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In Liberia, General ‘Butt Naked’ rehabilitates ex-child soldiers

Former Liberian rebel General Butt Naked, notorious for sacrificing children and charging into battle in the nude, now spends his time trying to rescue ex-child soldiers from drugs.

Former Liberian rebel Joshua Blayhi, also known as General Butt Naked
Former Liberian rebel Joshua Blayhi, also known as General Butt Naked

One of the most feared figures to emerge from the West African country’s civil wars, Joshua Blahyi, by his own admission, sacrificed children and cannibalised them.

He would also fight naked in the belief this imbued him with spiritual power, earning him the monicker “General Butt Naked.”

Mass killings, torture and rape characterised Liberia’s two civil wars, which raged from 1989 to 1997 and from 1999 to 2003, claiming the lives of around a quarter of a million people.

Many of these brutal crimes were carried out by drugged-up child soldiers. When the fighting ended, many of the youngsters remained hooked on drugs and slipped into a life of crime.

Blahyi, for his part, became an evangelical preacher.

“We made them take arms and consume drugs,” the 49-year-old told AFP. “Now I want to repair that mistake.”

Since 2006, he has been travelling to slums in the capital Monrovia to try to engage with former child soldiers.

The former rebel also built a compound 25 kilometres (15 miles) north of the city in 2012, where he runs training sessions in a bid to reintegrate them into society.

“For me, these kids are victims and not perpetrators,” Blahyi said, adding that coaxing them out of the underworld is a challenge.

“I usually explain to them my own story, and then I ask them to follow suit by giving their lives to Christ and leaving the drugs.”

– ‘Deep bitterness’ –

Blahyi’s 0.6-hectare (1.5-acre) compound is surrounded by high walls topped with barbed wire. Inside, grown-up former child soldiers hoe the ground and tend to four brick-bread ovens.

There is also a small chicken farm on site, and volunteers come to teach skills such as carpentry, plumbing and painting.

Some 500 former child soldiers have passed through the compound, according to Blahyi.

One of them, 38-year-old William Wilson, said that he robbed people with machetes for drug money before meeting Blahyi.

“I chose to go to Bible school,” Wilson said. “Today I am an evangelist and married with three kids to the daughter of a bishop.”

Another former child soldier, 33-year-old Titus Sylvester Borbor, said that Blahyi helped him kick drugs and put him on the path to becoming a university student.

“Today my parents are happy, they have accepted me back,” he said.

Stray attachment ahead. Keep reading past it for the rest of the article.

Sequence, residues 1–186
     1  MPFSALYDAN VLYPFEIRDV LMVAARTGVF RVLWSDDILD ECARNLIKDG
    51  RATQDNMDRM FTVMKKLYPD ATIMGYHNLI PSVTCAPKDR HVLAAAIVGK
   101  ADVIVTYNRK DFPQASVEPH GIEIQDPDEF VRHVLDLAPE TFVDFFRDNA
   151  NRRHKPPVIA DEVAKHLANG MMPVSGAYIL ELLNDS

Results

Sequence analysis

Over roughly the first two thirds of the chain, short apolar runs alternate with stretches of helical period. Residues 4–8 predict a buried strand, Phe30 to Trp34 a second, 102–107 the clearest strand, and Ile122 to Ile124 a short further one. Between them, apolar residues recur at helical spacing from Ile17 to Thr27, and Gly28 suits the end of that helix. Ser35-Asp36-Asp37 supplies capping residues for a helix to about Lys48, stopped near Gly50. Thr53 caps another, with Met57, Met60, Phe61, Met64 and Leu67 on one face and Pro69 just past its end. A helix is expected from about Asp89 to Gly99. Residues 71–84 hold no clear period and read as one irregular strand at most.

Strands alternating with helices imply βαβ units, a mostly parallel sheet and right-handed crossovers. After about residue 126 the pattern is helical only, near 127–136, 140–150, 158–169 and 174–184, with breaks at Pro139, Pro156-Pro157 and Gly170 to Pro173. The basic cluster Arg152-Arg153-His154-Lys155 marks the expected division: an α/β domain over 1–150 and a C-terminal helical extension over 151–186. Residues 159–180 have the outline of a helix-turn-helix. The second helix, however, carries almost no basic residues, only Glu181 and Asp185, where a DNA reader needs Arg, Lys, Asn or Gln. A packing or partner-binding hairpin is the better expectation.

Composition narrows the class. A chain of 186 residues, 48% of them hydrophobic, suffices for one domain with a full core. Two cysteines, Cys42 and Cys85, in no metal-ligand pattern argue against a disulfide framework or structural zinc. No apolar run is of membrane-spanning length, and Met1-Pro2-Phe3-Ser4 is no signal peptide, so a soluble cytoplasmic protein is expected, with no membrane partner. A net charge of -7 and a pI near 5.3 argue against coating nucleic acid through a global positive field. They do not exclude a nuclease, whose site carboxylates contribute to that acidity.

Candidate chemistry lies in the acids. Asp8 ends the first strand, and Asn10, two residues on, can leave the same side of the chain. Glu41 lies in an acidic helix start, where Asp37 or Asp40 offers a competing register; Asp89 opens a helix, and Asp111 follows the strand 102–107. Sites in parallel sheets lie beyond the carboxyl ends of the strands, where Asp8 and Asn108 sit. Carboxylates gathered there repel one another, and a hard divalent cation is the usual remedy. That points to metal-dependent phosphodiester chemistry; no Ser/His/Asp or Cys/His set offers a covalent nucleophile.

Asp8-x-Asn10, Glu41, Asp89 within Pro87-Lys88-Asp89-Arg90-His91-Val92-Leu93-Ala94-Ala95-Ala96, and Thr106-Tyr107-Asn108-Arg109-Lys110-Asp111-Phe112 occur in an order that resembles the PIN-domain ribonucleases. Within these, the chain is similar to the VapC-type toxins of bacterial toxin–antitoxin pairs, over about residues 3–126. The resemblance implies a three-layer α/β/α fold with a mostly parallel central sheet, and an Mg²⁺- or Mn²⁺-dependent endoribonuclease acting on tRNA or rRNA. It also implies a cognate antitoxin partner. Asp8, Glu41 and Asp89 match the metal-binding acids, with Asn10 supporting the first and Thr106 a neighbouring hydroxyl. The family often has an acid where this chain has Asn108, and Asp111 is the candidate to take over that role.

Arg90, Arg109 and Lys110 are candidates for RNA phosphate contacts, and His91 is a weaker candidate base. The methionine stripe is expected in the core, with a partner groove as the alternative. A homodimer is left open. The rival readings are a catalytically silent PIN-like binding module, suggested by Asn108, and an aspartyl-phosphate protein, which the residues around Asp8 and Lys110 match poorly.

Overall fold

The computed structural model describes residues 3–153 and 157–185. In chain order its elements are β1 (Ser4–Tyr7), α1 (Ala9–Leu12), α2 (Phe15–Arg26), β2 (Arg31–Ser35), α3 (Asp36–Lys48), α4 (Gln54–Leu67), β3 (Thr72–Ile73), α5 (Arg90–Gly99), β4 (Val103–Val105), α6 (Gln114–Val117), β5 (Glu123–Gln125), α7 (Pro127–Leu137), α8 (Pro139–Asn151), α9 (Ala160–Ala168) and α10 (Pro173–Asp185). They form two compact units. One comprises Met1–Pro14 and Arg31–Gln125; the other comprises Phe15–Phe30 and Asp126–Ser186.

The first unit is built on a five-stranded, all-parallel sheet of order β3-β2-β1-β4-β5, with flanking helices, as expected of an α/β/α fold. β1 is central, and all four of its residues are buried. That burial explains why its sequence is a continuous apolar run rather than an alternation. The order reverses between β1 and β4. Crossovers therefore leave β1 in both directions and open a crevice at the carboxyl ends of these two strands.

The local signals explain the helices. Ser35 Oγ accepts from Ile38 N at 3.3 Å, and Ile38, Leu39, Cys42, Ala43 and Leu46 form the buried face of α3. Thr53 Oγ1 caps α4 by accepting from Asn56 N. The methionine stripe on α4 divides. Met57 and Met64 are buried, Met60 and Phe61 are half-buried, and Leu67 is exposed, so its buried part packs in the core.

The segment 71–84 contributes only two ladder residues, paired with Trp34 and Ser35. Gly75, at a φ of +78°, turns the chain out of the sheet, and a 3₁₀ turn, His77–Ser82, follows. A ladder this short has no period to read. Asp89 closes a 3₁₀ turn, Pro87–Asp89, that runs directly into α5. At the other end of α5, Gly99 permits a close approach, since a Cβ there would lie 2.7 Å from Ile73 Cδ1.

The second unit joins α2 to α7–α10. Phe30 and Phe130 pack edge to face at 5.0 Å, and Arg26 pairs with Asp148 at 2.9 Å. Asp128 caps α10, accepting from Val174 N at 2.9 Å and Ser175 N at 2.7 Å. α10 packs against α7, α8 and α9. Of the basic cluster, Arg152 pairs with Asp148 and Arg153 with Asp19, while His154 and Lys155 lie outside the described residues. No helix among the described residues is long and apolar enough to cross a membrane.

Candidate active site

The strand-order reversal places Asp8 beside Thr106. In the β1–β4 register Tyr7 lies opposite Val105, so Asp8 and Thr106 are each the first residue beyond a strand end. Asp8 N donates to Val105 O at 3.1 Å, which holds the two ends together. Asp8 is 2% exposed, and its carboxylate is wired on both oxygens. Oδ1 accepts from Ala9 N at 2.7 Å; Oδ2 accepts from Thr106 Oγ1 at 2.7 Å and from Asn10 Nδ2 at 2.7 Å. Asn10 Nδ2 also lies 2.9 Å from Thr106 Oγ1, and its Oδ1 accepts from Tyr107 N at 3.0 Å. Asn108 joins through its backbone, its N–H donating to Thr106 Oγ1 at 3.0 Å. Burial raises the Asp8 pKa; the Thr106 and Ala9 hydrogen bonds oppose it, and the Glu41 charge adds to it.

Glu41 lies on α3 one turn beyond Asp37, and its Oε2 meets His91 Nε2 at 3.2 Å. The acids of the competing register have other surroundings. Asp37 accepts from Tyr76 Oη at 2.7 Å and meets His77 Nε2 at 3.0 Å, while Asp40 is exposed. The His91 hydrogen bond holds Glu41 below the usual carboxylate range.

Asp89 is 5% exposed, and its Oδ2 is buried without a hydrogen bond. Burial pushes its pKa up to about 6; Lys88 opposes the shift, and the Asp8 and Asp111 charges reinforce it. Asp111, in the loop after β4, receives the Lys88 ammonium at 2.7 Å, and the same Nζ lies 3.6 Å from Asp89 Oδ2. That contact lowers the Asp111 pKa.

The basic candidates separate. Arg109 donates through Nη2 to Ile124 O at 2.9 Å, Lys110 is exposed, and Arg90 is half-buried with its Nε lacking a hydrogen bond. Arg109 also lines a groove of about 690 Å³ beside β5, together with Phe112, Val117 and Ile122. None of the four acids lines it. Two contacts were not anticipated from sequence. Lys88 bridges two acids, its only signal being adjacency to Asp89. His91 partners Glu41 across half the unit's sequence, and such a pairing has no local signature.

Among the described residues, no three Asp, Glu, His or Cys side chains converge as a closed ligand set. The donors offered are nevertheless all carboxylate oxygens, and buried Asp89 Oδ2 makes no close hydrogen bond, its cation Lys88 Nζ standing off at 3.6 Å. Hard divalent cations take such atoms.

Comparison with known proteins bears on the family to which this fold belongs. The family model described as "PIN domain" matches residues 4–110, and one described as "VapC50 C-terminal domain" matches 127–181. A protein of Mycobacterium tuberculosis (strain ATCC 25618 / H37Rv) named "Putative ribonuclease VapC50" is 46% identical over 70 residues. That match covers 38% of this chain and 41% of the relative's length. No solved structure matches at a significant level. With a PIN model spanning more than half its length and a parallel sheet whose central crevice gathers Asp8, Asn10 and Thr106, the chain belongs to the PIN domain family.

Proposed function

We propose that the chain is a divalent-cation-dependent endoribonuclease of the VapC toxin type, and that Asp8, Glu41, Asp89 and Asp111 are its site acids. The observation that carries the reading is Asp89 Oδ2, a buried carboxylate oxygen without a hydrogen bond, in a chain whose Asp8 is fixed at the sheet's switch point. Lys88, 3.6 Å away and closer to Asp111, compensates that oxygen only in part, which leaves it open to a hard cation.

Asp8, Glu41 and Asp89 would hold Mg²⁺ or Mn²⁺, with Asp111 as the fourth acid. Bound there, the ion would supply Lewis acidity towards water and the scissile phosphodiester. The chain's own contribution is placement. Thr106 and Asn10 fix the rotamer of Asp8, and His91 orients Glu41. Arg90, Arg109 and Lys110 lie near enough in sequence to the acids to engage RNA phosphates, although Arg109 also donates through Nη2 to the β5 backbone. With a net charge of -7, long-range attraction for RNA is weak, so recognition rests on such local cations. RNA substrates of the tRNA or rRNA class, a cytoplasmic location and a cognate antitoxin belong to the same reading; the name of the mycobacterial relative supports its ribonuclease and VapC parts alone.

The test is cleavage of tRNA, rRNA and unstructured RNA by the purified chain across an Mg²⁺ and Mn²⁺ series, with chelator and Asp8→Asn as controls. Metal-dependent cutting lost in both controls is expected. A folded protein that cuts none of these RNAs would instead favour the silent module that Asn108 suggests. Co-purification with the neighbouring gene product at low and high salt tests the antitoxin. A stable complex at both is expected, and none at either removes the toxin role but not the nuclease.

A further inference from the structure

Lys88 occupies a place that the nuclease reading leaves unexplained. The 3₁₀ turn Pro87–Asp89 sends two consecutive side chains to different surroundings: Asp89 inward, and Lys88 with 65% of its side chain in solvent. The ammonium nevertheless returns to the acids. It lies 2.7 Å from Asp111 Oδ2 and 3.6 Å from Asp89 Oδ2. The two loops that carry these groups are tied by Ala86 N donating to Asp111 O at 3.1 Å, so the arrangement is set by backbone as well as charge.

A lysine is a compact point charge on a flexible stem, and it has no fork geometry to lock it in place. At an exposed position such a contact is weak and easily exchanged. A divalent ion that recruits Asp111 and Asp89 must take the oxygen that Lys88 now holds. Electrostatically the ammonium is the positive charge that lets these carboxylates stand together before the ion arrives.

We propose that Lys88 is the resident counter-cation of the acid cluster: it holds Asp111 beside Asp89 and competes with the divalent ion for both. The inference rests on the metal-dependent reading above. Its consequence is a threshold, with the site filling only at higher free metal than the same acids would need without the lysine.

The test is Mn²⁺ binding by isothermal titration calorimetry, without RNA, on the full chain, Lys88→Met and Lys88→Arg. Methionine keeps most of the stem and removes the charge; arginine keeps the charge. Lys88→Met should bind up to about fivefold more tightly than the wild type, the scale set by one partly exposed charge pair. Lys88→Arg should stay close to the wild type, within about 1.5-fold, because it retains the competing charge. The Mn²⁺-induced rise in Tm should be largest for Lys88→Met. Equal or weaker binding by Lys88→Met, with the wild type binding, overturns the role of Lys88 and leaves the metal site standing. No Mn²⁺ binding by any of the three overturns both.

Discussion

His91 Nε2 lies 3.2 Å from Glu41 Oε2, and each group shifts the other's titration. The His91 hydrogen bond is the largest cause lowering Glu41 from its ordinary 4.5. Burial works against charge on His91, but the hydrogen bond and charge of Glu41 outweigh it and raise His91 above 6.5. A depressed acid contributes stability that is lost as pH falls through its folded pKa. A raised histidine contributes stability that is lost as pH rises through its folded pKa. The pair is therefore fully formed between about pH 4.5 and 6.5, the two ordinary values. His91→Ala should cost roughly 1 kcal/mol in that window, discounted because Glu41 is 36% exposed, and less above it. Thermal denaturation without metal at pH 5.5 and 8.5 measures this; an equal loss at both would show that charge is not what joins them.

Many children took up arms to protect their relatives during the civil war, but found themselves rejected by their families once the fighting stopped.

“It put deep bitterness in them,” said Blahyi, explaining that the legacy of the conflict was still keenly felt across the country.

– Atrocities –

In the first civil war, Blahyi led fighters from the feared ULIMO — the United Liberation Movement of Liberia for Democracy — that backed the then president Samuel Doe.

It was Doe’s 1990 assassination that sparked the orgy of violence that engulfed the country for most of that decade.

In January 2008, Blahyi testified to Liberia’s Truth and Reconciliation Commission (TRC), recalling the atrocities he had committed to maintain his “special power.”

“Any time we captured a town, I had to make a human sacrifice. They bring to me a living child that I slaughter and take the heart off to eat it,” he said to a stunned audience.

He did not know how many people they killed, he said. “But for what I did, it is not less than twenty thousands,” he added, breaking down in tears.

The turning point, he said, came in 1996, when after seeing the blood of a child on his hand, “Jesus appeared to me and asked me to stop being a slave.”

– War crimes –

Despite regular appeals to establish a war-crimes court, very few people have faced trial for war crimes or crimes against humanity committed in Liberia — and none inside Liberia itself.

Some ex-warlords also remain powerful figures in the impoverished nation of 4.8 million people.

Prince Johnson — another notorious war figure who has also become an evangelist — is the head of the Liberian Senate Committee on Defense and Intelligence.

But Blahyi is a strong proponent of prosecuting war criminals, including himself, in order to guarantee lasting peace.

“I destroyed so many people’s children,” he said.

“If I refuse to answer to it… that same violence that I started will come after me and my children.”

President George Weah has so far resisted establishing a war crimes court, but calls to do so are growing louder.

The question was raised during recent hearings by a committee of the US House of Representatives.

And last week, more than a dozen influential Liberian organisations petitioned the country’s lawmakers to back such a court. AFP